From cooperating partners to competing rivals, China and the US seem to be engaged in a tug of war in all aspects, although their approaches differ.
The Innovation Institute for Quantum Information and Quantum Science & Technology with the support of the Chinese Academy of Sciences and Anhui province is being built in Hefei, Anhui Province, on March 12, 2019. (Photo: VCG)
In his fiscal 2020 budget, US President Donald Trump on Monday asked Congress to raise defense spending by 4 percent to $750 billion while slashing spending for foreign aid by $13 billion. Obviously the Trump administration is ratcheting up US military muscle to claim US world dominance. Keeping in mind competition with China, a country the US has singled out as a national security threat, Washington is igniting an arms race with Beijing.
For years, the hot wars the US has launched or been involved in have cost both itself and the world dearly. Today, with its military obligations spanning the globe, US defense spending largely serves an offensive purpose.
In his book The Rise and Fall of the Great Powers, British historian Paul Kennedy concluded that military overstretch leads to the decline of empires.
China, which only in recent years has been ascending toward becoming a major world player, clearly knows its mission. China is dedicated to promoting world connectivity and development while the US is playing a declining, if not opposing, role in securing the global commons.
As Trump raises his country's defense budget, he calls for cuts of around $1 billion in spending at the National Science Foundation, the US government's top funder of non-medical research. Does the US need more ships than scientists to compete with China? The answer given by Michael McFaul, a Stanford University professor and former US ambassador to Russia, is "no," as he posted on Twitter.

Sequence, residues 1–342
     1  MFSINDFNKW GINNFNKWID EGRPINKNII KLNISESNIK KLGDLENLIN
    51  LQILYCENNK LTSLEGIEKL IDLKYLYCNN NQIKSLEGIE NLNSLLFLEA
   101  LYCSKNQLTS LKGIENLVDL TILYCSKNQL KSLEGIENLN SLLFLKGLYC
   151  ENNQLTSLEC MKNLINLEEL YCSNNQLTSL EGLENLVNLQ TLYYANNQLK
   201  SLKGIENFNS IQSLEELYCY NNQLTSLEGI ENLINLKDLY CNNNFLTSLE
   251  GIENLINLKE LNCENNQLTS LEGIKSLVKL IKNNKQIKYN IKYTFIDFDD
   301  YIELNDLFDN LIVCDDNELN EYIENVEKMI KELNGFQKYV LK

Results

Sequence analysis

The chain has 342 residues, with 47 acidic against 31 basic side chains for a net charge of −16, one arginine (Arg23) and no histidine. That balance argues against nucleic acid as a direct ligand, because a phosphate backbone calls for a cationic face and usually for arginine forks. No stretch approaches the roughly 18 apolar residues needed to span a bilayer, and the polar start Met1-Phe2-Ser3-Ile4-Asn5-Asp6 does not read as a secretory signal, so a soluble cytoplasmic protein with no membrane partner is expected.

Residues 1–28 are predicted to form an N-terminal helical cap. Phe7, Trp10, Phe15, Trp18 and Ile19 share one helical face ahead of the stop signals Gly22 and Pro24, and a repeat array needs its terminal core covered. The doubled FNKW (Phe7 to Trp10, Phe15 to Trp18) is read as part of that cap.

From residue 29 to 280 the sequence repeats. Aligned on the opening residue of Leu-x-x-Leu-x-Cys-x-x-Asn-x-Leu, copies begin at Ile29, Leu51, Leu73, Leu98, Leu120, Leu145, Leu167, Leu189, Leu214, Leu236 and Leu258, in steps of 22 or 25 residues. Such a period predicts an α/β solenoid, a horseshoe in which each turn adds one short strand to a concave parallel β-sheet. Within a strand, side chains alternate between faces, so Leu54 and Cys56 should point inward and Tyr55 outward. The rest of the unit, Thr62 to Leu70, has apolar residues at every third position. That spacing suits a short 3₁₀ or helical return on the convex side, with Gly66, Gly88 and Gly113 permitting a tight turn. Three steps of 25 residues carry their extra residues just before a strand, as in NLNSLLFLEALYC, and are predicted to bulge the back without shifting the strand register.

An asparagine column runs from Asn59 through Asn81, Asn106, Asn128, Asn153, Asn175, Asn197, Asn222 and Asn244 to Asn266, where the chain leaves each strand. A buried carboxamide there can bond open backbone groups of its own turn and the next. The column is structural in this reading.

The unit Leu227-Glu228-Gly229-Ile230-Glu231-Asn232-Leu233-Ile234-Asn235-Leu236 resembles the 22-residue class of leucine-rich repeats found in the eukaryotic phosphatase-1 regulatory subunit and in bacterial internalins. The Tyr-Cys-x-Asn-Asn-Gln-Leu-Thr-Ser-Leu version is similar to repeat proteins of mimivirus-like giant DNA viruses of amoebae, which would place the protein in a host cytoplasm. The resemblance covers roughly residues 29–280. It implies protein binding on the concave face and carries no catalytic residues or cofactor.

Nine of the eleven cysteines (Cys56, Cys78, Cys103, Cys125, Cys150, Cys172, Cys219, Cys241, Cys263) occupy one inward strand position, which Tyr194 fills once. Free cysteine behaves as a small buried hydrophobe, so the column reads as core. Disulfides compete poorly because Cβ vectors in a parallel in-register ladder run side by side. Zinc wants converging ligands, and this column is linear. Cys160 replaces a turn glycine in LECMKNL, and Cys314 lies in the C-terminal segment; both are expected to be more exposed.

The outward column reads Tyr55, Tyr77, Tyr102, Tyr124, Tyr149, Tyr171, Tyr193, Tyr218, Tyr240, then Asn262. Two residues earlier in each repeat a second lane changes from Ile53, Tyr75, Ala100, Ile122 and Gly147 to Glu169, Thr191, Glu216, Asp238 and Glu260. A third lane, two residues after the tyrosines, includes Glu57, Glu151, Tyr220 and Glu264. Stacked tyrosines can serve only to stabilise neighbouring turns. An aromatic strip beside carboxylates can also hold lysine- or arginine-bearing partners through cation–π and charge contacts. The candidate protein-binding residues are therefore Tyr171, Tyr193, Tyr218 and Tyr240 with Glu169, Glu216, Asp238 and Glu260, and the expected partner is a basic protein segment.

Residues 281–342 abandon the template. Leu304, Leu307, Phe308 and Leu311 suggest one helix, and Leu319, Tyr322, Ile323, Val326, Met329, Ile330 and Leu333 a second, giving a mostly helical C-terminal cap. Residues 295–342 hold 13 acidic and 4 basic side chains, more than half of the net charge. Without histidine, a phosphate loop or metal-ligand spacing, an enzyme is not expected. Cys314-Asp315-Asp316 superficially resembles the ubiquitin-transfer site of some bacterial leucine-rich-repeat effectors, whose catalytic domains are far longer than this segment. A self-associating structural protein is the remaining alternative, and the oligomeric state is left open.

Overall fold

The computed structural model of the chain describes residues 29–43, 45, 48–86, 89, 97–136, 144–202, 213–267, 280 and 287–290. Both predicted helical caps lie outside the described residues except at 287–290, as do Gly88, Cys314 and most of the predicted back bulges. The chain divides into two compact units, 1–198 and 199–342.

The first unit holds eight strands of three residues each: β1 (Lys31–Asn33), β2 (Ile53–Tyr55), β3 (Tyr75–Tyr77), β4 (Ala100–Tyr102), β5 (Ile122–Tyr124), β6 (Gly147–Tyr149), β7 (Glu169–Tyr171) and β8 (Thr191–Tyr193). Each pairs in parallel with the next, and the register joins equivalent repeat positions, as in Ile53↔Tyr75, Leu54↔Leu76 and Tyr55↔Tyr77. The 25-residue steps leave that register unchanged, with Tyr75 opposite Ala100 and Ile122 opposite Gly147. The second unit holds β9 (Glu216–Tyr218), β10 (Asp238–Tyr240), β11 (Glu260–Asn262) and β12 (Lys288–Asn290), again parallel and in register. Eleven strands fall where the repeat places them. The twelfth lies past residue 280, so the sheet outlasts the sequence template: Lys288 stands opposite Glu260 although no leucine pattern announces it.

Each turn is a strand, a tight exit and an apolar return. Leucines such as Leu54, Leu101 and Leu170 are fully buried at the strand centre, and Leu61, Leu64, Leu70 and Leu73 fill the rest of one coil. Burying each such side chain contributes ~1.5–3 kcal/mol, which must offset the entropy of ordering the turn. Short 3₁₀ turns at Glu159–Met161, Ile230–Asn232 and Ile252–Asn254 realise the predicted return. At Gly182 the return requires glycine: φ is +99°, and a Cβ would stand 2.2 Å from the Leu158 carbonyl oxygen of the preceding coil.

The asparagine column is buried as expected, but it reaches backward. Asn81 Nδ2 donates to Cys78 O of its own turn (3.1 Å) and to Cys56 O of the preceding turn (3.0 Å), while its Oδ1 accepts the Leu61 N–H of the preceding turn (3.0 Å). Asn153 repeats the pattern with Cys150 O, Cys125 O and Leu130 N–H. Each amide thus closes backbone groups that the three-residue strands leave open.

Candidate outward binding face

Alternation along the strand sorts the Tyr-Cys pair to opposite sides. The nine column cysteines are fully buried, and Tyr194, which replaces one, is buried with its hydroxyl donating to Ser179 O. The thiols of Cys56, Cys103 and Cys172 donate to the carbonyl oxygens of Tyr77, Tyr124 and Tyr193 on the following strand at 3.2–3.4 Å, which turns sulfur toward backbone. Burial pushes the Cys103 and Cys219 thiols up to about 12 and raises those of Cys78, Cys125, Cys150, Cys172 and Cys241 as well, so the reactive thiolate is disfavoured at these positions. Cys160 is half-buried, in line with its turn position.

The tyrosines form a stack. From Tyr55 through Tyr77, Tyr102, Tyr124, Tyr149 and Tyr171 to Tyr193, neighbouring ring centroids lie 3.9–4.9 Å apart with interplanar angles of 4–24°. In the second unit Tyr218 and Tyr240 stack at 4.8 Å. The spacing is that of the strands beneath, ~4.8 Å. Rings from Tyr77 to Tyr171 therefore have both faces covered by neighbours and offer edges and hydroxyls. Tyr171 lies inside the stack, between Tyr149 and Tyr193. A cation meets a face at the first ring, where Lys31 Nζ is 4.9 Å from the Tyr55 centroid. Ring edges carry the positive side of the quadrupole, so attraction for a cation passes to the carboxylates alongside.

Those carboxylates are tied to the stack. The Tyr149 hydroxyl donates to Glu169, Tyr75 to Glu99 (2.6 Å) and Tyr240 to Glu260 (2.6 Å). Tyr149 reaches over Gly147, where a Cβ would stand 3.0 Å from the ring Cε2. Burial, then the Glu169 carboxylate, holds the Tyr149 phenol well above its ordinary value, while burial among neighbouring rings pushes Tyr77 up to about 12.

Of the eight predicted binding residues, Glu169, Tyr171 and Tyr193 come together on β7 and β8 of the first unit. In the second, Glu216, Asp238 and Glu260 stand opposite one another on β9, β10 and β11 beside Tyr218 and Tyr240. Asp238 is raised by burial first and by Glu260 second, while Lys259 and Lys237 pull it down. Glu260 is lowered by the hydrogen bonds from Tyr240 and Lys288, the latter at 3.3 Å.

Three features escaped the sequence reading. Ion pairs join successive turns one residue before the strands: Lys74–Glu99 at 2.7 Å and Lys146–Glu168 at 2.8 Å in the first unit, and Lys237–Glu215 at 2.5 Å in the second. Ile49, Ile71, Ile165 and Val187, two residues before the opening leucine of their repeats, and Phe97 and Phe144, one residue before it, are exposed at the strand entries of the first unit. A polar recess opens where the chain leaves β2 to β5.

On February 11, Trump signed an executive order entitled "Maintaining American Leadership in Artificial Intelligence" that aims to promote investment and innovation in the emerging field. The National Science Foundation, whose research field includes computer science and machine learning, said it supports transformative research in AI. But Trump's latest budget-slashing move contradicts his desired US leadership in this field.
At the same time, China has wasted no time and is doing far more than talking. In 2017, the Chinese government said it wanted to make the country and its industries world leaders in AI by 2030. The US has far more AI engineers than China, but China is closing the gap rapidly. According to a Nikkei report, Chinese companies have surpassed their US counterparts on a Nikkei ranking of the top 50 patent filers for AI in the last three years.
China has no intention of building barriers for a tech cold war. Beijing is willing to be involved in technological competition with the US as long as it is fair and equal. In the same light, China does not fear any military threat from the US, but will not let itself get caught in an arms race by US provocations, as this does not fit China's development goals.